Although these countries are not important markets at present, China will be able to achieve its short-term goals of tackling domestic overproduction by artificially generating demand for public investment.
China's infrastructure-related companies are already ramping up their exports. Chinese companies won $126 billion worth of contracts related to One Belt, One Road last year. That is up 36% from the $92.6 billion in 2015, when contracts related to the initiative posted 7.4% growth from the previous year. Many of these exporters are state-owned raw materials producers that have been struggling with overcapacity and slow reforms.
China founded the Asian Infrastructure Investment Bank, which has $100 billion in capital, and the $40 billion Silk Road Fund to provide financial assistance to spur demand outside of China. In November last year, the China-Central and Eastern Europe Investment Cooperation Fund was established. This fund is projected to investment some $53 billion in infrastructure projects and the manufacturing sector in Central and Eastern Europe.
FADING OUT? Meanwhile, the Trans-Pacific Partnership, promoted by the previous U.S. administration of Barack Obama and the Japanese government of Prime Minister Shinzo Abe, has stalled, allowing the Chinese-led RCEP to take the spotlight.
President Xi will invite world leaders to a One Belt, One Road summit in Beijing in May. Prospective attendees include Myanmar's de facto leader Aung San Suu Kyi, Kazakh President Nursultan Nazarbayev, Malaysian Prime Minister Najib Razak, Indonesian President Joko Widodo and Philippine President Rodrigo Duterte. "This is a positive, cooperative agreement, and we don't want to politicize it," Chinese Foreign Minister Wang Yi said.
Obama once stressed the importance of creating global trade rules through fair and multilateral negotiations, saying, "The U.S., not countries like China, should write them." But his call did not resonate with the majority of Americans, and the Democratic Party lost the 2016 presidential election. Three days after Donald Trump took office, he signed an executive order formally withdrawing the country from the TPP, effectively abandoning its role as a leader in setting high-quality trade rules.
Some of the remaining TPP members are trying to start negotiations on a so-called TPP 11. On April 19, Japanese Deputy Prime Minister Taro Aso said discussions on putting the deal into effect without the world's largest economy will begin in May on the sidelines of the Asia-Pacific Economic Cooperation meeting.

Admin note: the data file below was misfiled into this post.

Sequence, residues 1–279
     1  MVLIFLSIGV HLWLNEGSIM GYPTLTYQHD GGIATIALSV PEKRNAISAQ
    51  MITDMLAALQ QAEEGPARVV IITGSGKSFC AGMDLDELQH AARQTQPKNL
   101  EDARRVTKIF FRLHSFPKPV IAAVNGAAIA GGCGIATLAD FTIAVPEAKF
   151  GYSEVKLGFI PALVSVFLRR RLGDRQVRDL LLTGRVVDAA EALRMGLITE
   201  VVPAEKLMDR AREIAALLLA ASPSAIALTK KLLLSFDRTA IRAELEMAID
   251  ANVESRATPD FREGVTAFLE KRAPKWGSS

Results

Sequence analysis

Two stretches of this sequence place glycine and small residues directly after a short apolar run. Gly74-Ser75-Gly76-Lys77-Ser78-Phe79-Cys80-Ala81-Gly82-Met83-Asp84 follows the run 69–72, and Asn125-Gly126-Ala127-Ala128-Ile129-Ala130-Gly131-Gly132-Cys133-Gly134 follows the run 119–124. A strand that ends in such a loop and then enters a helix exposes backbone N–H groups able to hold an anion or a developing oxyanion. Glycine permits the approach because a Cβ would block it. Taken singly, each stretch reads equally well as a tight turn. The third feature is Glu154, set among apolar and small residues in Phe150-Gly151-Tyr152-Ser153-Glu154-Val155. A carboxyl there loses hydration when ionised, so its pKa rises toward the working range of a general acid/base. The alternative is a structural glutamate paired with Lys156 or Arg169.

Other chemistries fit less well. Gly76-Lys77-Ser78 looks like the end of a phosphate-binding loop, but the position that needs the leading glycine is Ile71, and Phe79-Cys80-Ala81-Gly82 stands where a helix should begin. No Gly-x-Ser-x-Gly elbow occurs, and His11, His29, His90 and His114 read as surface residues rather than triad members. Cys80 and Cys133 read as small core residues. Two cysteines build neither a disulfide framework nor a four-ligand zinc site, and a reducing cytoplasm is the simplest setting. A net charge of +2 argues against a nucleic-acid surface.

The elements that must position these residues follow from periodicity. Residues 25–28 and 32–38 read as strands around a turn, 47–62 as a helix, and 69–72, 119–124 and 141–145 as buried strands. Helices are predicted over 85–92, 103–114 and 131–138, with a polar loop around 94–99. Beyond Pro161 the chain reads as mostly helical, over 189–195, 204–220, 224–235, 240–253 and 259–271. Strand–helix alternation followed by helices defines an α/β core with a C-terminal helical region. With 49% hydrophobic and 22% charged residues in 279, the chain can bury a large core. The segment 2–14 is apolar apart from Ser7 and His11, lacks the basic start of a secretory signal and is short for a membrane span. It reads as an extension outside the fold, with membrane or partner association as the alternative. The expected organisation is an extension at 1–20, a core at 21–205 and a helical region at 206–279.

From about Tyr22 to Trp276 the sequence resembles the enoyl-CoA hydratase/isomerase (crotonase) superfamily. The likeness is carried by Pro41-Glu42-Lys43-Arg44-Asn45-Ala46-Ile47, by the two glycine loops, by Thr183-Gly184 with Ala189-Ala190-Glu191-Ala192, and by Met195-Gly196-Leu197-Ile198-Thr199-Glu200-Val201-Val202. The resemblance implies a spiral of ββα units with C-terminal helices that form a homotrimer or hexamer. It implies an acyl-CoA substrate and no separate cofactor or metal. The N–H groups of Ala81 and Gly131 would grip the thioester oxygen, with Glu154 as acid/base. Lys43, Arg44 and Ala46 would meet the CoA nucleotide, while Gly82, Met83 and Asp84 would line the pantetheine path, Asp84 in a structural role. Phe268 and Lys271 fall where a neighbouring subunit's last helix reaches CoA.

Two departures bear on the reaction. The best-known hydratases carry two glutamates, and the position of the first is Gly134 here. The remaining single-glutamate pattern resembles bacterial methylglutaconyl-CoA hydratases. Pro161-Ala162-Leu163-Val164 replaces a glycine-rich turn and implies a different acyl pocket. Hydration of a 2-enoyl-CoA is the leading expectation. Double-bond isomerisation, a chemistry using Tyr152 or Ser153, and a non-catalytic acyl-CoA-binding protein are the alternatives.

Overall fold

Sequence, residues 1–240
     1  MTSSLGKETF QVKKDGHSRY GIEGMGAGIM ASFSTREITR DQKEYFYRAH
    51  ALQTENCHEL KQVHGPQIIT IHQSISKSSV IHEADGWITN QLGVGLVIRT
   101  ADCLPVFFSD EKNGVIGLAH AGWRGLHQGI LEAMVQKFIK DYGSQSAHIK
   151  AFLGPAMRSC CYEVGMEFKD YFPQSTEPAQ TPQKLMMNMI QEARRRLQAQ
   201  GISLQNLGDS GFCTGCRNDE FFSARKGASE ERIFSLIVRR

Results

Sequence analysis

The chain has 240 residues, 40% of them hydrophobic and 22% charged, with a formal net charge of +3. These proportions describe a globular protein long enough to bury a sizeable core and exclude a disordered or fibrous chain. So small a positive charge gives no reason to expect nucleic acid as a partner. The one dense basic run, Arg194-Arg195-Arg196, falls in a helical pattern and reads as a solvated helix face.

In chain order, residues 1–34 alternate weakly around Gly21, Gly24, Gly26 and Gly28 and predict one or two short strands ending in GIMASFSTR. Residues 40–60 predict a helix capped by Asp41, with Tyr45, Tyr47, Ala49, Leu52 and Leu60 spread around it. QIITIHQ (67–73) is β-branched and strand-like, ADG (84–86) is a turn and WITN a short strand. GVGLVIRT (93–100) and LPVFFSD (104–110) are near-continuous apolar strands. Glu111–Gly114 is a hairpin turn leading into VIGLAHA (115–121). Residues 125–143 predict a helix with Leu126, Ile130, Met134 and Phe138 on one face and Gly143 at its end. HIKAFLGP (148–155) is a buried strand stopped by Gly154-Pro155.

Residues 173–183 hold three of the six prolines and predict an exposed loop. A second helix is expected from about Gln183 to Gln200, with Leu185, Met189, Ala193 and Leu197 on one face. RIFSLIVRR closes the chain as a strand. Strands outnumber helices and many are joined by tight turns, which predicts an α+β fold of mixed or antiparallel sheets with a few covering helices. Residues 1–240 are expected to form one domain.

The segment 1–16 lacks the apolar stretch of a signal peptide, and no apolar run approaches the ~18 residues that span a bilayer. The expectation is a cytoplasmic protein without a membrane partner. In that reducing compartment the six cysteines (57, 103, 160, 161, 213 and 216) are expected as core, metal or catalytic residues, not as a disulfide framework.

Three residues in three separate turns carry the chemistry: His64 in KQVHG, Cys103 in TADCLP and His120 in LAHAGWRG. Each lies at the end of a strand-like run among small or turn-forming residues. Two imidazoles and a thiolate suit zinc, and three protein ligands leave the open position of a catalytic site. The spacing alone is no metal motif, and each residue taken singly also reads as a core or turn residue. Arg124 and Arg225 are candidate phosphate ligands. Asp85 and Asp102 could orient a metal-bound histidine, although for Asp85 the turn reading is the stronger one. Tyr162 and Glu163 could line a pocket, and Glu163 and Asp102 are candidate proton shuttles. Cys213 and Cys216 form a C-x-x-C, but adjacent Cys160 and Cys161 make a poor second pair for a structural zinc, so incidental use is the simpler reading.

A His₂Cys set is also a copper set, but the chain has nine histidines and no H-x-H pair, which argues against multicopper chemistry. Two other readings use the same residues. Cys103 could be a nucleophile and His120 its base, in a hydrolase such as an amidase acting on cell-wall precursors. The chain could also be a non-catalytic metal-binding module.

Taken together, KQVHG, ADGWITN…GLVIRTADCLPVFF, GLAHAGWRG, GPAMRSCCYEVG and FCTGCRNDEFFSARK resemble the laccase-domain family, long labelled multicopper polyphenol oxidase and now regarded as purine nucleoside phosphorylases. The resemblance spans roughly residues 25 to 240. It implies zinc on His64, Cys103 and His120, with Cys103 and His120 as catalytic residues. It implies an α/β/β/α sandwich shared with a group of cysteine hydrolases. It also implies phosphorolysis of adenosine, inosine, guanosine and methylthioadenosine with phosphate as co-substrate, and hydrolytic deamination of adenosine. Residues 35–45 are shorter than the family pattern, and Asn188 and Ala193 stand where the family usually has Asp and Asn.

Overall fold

There are reasons for Japan to promote transparent, high-level trade deals like a possible TPP 11. The Abe cabinet has been trying to expand exports of infrastructure technologies amid fierce competition with China over high-speed railway projects in Indonesia, Malaysia and Singapore. Japanese businesses are reluctant to answer the government's "All Japan" call because they cannot compete against Chinese rivals who are able to undercut them by pricing their projects at a loss.
Should Japan and the U.S. lose their standing as leaders in global trade, the door would be open for China to set the agenda on trade rules.
Just what that agenda is seems clear. Through the RCEP, China is aiming to make ambiguous trade rules the global standard. So far, there have been no signs of serious discussion regarding such areas as e-commerce, state-owned enterprises, the environment and labor standards. China, which is leading the negotiations, has little use for rules in these areas. The focus of its trade policy, after all, is on traditional exporters -- steel and cement, for example -- not on the industries of tomorrow.
For the government of a sprawling nation saddled with an aging industrial model, laying the groundwork for stable global growth takes a back seat to propping up its own economy. In the end, the RCEP is nothing more than a contrivance aimed at creating massive overseas demand for Chinese companies.
U.S. National Security Adviser H.R. McMaster visited Pakistan on April 17 for talks with Prime Minister Nawaz Sharif and military leaders. He was the first senior official of Trump's administration to visit the country, but his trip was not announced ahead of time. Washington is apparently becoming nervous about China's growing influence over Pakistan, but it may be too late for the U.S. to rekindle its commitment to South Asia.